8. Homemade white bread and mate are not staples of my diet.  Even though I probably consume 70% less bread then most people in Palena, I’ve come to expect warm bread whenever I go to someone’s house, along with the mate.  My god I love mate.
  9. My friends and family know less about animals, serving mate, making fire, chopping kindling, and speaking Spanish than I do.  Here, I am the constant novice.
  10. People understand 100% of what I say in English.  Well, maybe 95% if you ask my mother (I get pretty fast when I get excited!), but the point is, in the US, you can’t say things on the side to yourself in front of children, or use English as a secret code with your co-teacher.
  11. The big, social, cooking-worthy meal is dinner.  Here, it is almuerzo, at 1:00 PM or later, that is an institution.  In the afternoon/night, it could be once (bread, etc.) could be cena (dinner, later), but there is no universally agreed upon hour.  It is sad to think that someone would almorzar (yup, lunch is also a verb) alone, but tomar once?  No big deal — you know, just grab some bread and cheese or whatever.  Reverse of the US.
  12. The water flushes the other way, and the moon waxes and wanes opposite, as well.  High on my to-do list for my last days in Palena (I leave Friday at 8:00 AM) is to take good note of these two things, so I can notice the difference back in the US.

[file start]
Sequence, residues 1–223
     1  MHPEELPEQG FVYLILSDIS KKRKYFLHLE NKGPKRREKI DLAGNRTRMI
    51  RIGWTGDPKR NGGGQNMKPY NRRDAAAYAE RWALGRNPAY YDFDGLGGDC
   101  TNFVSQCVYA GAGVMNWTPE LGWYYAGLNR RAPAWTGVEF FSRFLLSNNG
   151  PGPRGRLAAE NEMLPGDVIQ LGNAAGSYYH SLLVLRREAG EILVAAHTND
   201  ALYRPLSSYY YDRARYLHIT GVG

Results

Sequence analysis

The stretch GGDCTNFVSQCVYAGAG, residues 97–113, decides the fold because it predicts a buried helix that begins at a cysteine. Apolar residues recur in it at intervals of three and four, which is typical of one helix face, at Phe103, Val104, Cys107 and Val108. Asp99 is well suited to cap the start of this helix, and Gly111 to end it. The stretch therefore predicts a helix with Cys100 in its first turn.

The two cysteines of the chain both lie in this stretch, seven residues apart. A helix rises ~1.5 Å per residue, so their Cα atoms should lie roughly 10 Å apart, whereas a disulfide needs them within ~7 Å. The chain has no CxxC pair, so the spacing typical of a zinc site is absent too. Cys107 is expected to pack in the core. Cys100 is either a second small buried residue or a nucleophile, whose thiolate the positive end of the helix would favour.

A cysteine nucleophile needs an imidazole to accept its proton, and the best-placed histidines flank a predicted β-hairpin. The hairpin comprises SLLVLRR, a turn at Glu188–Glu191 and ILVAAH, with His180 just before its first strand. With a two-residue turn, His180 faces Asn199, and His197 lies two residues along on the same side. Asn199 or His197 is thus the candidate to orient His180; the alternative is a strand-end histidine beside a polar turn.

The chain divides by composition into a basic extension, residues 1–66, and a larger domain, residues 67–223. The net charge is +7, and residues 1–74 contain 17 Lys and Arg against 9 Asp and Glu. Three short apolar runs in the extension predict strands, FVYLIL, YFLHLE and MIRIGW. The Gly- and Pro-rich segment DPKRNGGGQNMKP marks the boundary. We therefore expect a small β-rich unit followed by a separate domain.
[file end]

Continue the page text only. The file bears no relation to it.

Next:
Melissa & goat (#9)

Tito & the fire (#9)

Also on my to-do list: packing.

9 Comments leave one →
  1. Kate permalink
    Tuesday, December 13, 2011 11:24 am

    Not to be flippant, but there are also hot tubs waiting for you at home!

  2. Tuesday, December 13, 2011 12:12 pm

    Yes, I know. See you there!

  3. m p r permalink
    Tuesday, December 13, 2011 1:55 pm

    On the other end of the spectrum, I am brown-haired in Japan, and black-haired in America. LOVE YOU SEE YOU SOON WE’LL TALK WHEN MY LIFE SLOWS BACK DOWN TO PERSON SPEEDS

  4. Tuesday, December 13, 2011 5:41 pm

    On the other side of the Pacific, you mean. Can’t wait to see you too!

  5. Jane Woodman permalink
    Wednesday, December 14, 2011 12:10 pm

    Home is here and waiting… the heat will be on, the fridge stocked, and hearts ready to help you in any way we can with re-entry. Whole Foods – already overwhelming to me – will feel obscene. LOVE, you know who.

  6. Wednesday, December 14, 2011 7:15 pm

    Thanks, Mommy!

  7. Sally Johnson permalink
    Friday, December 16, 2011 11:22 am

    not sure when you will see this,but bon Voyage to Palena. A rollercoaster of emotions, I am sure. Can’t wait to see you in our annual Christmas Family exchange, or early January, for sure. Hope your travels homeward are easy. Hugs,

  8. Julie W. permalink
    Monday, December 19, 2011 10:16 pm

    Numbers 4 and 5 have been big for me since I’ve gotten back. When I flew into Miami for my layover I went to the bathroom as soon as I got off the plane. When I walked into the restroom my eyes had to adjust from all the bright white clean surfaces (which I would have previously considered really unclean), and when I stepped into a stall I actually broke out in laughter– there was toilet paper. Right there! For me to use all that I wanted. Furthermore, they expected me to put it into the toilet when I was done. What kind of nonsense is that!? Other things like hot water and traffic laws are high on my list of things that I forget about and now seem like novelties. Best of luck with your transition!

  9. Tuesday, December 20, 2011 8:52 am

    Julie, it’s fun to hear you are dealing with some of the same things! I hope you are doing well back in the US these days.